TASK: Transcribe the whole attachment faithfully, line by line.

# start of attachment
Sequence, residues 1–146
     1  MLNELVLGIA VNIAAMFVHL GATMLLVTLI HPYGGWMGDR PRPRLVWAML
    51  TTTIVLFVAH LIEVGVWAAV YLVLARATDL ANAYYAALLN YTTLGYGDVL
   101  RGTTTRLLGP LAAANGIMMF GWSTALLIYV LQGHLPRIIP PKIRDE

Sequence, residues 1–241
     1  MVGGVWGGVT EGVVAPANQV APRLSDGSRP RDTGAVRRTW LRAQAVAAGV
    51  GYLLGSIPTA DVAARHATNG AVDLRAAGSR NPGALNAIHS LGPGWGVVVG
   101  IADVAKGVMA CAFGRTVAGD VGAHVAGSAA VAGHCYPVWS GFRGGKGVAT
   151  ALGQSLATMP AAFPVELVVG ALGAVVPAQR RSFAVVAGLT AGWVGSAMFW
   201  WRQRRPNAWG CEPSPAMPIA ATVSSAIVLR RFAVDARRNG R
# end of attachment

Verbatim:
Sequence, residues 1–146
     1  MLNELVLGIA VNIAAMFVHL GATMLLVTLI HPYGGWMGDR PRPRLVWAML
    51  TTTIVLFVAH LIEVGVWAAV YLVLARATDL ANAYYAALLN YTTLGYGDVL
   101  RGTTTRLLGP LAAANGIMMF GWSTALLIYV LQGHLPRIIP PKIRDE

Sequence, residues 1–241
     1  MVGGVWGGVT EGVVAPANQV APRLSDGSRP RDTGAVRRTW LRAQAVAAGV
    51  GYLLGSIPTA DVAARHATNG AVDLRAAGSR NPGALNAIHS LGPGWGVVVG
   101  IADVAKGVMA CAFGRTVAGD VGAHVAGSAA VAGHCYPVWS GFRGGKGVAT
   151  ALGQSLATMP AAFPVELVVG ALGAVVPAQR RSFAVVAGLT AGWVGSAMFW
   201  WRQRRPNAWG CEPSPAMPIA ATVSSAIVLR RFAVDARRNG R